Skip to main content Skip to footer site map

BWW Feature: Inclusive and Contemporary AS YOU LIKE IT at Guthrie Theater

BWW Feature: Inclusive and Contemporary AS YOU LIKE IT at Guthrie Theater

Director Lavina Jadhwani has directed Shakespeare's celebratory comedy AS YOU LIKE IT before. This time, she had a clear intention underlying casting and concept: to enable audience members from many different heritages and sexualities to see themselves represented on stage. Her intent was fueled, in part, by her own memories of going to theater as a child, and loving it, but never seeing someone who looked like her on stage; she is of South Asian descent. So she chose to set the Guthrie's current production emphatically in the present, and to feature many actors of color, a lesbian couple and several other queer characters, a mixed race couple and a mixed age couple. This AS YOU LIKE IT is, in Jadhwani's words, meant to be "hereish and nowish" and informed by a deliberately intersectional feminist lens.

This feature delineates some ways this theoretical posture has been realized in practice in this production. It's based on my conversations with director Jadhwani and actor Sarah Agnew, one of three women actors who play roles conventionally performed by men and done as male. Agnew plays Touchstone, the fool and language meister in this world, as a woman. (Corin and Jacques are also played by women.)

Strong visuals at the top of the show announce the contemporary setting with glitz and glamour. The opening scene is imagined as a gala fundraiser, complete with velvet rope, bouncers, men in black tie, and women in skimpy sequined mini-dresses.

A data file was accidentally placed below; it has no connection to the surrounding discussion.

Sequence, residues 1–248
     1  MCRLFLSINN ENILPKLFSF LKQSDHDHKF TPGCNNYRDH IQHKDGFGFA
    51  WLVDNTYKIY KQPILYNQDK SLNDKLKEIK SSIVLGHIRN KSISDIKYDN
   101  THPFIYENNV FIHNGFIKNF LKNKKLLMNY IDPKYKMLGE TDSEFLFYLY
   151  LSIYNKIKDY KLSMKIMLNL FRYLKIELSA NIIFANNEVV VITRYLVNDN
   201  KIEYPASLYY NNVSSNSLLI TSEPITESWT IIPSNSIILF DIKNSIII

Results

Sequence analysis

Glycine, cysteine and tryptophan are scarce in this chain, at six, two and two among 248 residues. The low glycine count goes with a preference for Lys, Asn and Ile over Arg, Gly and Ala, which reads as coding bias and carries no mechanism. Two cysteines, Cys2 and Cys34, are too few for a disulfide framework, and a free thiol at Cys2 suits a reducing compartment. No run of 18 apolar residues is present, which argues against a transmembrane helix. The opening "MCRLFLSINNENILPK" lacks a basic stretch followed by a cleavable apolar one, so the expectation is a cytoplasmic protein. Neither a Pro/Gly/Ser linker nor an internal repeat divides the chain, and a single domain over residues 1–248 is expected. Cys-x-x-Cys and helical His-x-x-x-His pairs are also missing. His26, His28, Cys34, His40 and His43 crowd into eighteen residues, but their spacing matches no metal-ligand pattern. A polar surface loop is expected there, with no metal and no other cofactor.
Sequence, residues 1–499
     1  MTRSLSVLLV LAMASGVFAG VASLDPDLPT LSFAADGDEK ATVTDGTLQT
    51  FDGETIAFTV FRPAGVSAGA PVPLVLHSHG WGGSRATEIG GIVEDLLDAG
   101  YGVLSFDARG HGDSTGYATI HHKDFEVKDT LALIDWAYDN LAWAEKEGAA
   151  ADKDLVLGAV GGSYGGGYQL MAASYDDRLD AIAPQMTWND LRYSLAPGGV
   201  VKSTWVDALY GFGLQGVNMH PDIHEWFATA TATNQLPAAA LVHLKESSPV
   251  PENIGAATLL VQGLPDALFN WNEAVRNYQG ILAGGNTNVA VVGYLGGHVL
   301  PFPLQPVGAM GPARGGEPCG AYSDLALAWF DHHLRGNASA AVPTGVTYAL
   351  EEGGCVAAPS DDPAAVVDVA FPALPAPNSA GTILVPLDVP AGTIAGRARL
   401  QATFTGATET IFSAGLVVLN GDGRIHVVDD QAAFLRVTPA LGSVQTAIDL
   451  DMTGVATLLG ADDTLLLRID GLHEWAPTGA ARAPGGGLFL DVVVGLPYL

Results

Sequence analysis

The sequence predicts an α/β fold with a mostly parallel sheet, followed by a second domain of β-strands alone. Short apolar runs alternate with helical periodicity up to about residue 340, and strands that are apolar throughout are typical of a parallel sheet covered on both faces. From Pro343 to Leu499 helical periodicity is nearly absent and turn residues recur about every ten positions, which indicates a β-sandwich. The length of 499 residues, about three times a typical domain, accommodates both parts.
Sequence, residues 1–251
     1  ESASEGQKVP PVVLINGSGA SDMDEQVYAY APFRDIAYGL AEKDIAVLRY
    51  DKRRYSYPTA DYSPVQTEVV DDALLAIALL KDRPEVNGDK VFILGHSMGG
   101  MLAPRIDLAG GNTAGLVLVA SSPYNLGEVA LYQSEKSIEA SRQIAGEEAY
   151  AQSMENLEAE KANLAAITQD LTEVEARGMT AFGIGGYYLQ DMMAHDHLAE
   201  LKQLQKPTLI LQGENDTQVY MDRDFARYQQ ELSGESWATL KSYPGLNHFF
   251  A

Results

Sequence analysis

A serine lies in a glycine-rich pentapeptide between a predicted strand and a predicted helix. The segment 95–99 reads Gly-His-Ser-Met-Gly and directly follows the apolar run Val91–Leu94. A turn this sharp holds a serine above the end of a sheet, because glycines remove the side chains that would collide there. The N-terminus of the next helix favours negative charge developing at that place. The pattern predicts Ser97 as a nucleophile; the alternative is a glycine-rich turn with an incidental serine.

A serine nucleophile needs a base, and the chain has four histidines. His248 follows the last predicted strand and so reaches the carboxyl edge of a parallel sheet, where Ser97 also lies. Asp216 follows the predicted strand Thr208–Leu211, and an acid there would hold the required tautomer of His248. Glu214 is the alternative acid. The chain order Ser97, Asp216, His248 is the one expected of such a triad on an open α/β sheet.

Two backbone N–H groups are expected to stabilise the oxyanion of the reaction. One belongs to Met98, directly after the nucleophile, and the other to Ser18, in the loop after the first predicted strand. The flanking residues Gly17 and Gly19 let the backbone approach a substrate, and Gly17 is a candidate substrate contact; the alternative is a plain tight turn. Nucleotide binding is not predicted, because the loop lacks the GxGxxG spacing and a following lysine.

The next time we see the central character of Rosalind and her BFF/cousin Celia, they are in pink workout gear (sports bras and athletic shorts) teasing each other as part of a kick-boxing sequence. This neatly leads into the wrestling match where Rosalind falls head over heels in love with Orlando, the displaced and disowned younger brother of Oliver, one of Duke Frederic's leading advisors. Hanging over the wrestling mat is the word FIGHT spelled out in bright lights. Duke Frederic and Oliver have brother trouble in common: Frederic has banished his older brother from court. Duke Senior, Rosalind's father, is in exile in the nearby forest of Arden with a small coterie of followers.

The third appearance of Rosalind and Celia is in Rosalind's fantastically girly boudoir, complete with white fur and floral satin baby doll pjs. (The boudoir rises up on an elevator from a trap door onto the otherwise relatively bare thrust stage; scenic design is by Junghyun Georgia Lee.) An irate Duke Frederic bursts into this female precinct to banish Rosalind from court. Celia, in solidarity, appalled at her father's heartless violence, vows to go with her friend. They decide to take Touchstone, the Duke's fool, with them. Celia says Touchstone is uncommonly devoted to her, and will therefore agree to abandon her boss and her job.

This makes particular sense in this production since Touchstone is female. Agnew says her notion of Touchstone was that she was like "the cool aunt who gets high." Her allegiance is to Celia and the young women, more than to her employer, Duke Frederic. Like many of Shakespeare's (and Disney's) works, there is no mention of mothers in AS YOU LIKE IT, so an aunt is as close to a maternal presence as we get until very near the end of this production. More on that later.

The remainder of the show takes place in the forest. It's wintertime when the runaways arrive. Here's another opportunity for the superb costume designer Ilona Somogyi to put present day MInnesota on stage: people wear ear flap hats, buffalo plaid coats, work overalls. Jadhwani says "We wanted it to feel Midwestern!"

By now we have seen most of the actors, and thus have met a racially diverse cast: black, East Asian, South Asian, Latinx, mixed race, and white, all intermingled in a society that is clearly contemporary and multicultural. It's no surprise to learn that Jadhwani, who grew up in a Chicago suburb, spent time as a casting director in Chicago and believes in color conscious casting.